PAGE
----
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Whether you’re experiencing mental health symptoms or navigating family conflicts, starting therapy can feel overwhelming. For most people, committing to psychotherapy can take a lot of courage, and finding a therapist might feel like the most challenging part of the therapeutic process. But there’s good news: Even if you haven’t started counseling yet, you’ve already taken the first step toward mental wellness.
So, what can you expect during talk therapy? The truth is, it’s different for everyone. Every therapist handles therapy sessions differently—and your psychotherapy experience will vary depending on your specific mental health problems. Here’s how to prepare for your first therapy session so you can make the most out of treatment.
No two mental health professionals are the same, and different therapists will utilize various types of therapy. Whether you’re trying online therapy or meeting in person, it’s important to schedule an initial consultation to see if you’re a good fit.
Your initial consultation is like a first date: It’s an opportunity to ask questions and see if you’re a good fit before moving forward. Some questions you might ask during your first session include:
Once you’ve talked to a few potential therapists, you can narrow down your list to find a good match. It might take a few sessions before you feel comfortable with a new therapist—and that’s completely normal.
Most prospective clients expect to dive into their mental health issues during the first session. In reality, your first therapy session will look more like a doctor’s appointment. You’ll sign in, sit in the waiting room, and wait for your appointment. If you’re attending online therapy, you’ll arrange a meeting time for your phone call or video chat.
Before you meet your psychologist or another mental health professional, you’ll likely fill out some paperwork, including HIPAA forms, health insurance information, a mental health questionnaire, and your medical history. Once it’s time for your appointment, your psychologist, counselor or social worker will ask questions to learn more about you and establish the best treatment plan.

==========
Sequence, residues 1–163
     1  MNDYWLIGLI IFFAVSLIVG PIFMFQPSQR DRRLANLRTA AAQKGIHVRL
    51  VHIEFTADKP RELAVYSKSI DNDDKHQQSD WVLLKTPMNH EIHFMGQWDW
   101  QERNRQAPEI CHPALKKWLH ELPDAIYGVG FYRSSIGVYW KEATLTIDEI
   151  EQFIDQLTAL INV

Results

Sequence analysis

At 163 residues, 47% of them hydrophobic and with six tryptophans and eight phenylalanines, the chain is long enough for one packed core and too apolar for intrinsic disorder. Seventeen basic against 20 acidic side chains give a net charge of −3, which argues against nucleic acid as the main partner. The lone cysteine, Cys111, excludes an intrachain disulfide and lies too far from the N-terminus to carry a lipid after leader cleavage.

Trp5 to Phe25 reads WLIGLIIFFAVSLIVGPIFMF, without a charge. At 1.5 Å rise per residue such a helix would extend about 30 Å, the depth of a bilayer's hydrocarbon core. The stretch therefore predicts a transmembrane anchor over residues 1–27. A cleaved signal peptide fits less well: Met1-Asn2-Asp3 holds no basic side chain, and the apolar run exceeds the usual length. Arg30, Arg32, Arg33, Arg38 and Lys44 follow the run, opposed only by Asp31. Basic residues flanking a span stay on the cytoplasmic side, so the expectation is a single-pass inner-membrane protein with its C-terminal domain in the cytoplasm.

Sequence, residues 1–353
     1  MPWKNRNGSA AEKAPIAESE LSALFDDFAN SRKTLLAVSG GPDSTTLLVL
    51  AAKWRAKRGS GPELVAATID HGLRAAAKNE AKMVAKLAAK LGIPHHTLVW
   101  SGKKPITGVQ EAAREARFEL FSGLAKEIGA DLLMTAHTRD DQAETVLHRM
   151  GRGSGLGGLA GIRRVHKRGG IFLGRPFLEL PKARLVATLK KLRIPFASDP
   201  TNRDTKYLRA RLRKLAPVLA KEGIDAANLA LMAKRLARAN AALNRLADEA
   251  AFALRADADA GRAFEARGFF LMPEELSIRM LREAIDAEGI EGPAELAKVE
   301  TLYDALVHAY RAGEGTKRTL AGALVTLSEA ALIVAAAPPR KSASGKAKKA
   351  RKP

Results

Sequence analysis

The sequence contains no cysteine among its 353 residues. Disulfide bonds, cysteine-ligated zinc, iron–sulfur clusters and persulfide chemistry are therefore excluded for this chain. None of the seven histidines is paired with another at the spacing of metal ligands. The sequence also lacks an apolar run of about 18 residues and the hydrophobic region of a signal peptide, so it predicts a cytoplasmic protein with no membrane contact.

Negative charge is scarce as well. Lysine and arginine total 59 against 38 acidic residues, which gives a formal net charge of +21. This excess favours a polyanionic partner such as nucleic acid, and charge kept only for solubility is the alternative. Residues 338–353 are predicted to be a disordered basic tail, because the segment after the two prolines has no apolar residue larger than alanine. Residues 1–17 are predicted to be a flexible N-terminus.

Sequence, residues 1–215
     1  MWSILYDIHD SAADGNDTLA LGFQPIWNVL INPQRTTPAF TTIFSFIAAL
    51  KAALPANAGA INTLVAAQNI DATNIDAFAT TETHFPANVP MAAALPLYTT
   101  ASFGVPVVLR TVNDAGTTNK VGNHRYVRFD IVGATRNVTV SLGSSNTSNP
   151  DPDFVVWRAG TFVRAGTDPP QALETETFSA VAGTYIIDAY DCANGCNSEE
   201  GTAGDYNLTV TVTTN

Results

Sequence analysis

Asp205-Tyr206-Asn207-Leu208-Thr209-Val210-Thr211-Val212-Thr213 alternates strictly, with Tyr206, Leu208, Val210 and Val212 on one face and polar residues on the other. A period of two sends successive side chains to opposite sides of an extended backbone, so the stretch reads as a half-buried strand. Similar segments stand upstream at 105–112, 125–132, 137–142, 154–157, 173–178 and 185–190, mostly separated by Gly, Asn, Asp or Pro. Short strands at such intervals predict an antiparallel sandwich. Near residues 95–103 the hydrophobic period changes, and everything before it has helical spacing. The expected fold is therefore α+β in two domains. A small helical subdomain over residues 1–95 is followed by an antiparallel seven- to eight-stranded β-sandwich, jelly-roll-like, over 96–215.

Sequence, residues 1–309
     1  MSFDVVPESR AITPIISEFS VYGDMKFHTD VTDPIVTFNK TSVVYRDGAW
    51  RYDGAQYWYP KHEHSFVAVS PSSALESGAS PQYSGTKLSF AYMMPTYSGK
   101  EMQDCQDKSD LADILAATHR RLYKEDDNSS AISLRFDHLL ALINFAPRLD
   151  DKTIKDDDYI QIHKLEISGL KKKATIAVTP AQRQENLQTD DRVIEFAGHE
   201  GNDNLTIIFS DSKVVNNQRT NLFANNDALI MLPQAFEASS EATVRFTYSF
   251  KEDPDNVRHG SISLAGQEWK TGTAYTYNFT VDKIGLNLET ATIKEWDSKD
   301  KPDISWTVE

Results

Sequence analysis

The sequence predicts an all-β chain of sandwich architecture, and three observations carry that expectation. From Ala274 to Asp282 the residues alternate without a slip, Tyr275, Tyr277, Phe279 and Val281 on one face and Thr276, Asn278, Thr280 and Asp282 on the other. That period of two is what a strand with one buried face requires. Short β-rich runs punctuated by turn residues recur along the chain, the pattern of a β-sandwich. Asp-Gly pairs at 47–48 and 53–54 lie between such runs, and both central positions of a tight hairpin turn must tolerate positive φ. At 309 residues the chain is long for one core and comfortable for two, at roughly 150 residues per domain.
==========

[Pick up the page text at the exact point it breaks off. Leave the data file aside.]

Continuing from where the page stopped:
During the first session, your therapist may ask:
Your psychotherapist might also ask about your relationships, professional life, current living situation, and childhood. During this session, you’ll discuss the length of treatment, type of therapy, and frequency of your sessions.
According to the American Psychological Association, your therapeutic relationship plays a significant role in your mental health outcomes. In other words, successful psychotherapy requires feeling comfortable with your therapist.
If you don’t feel comfortable after a few meetings or if you’re just not “clicking,” listen to your gut. The therapeutic process can be hard work—and it’s normal for difficult emotions to surface during therapy sessions. The best therapist will provide empathy, pay attention to your progress, and personalize your treatment to match your specific challenges. Above all else, your therapist should express a willingness to help you work toward positive change in your mental health.
To find the right therapist, reach out to a mental health professional through WithTherapy. We’ll connect you to a licensed mental health professional based on your personal preferences, requirements, and mental health needs. One of the experienced therapists on the WithTherapy platform will help you navigate your mental health and make the most of psychotherapy.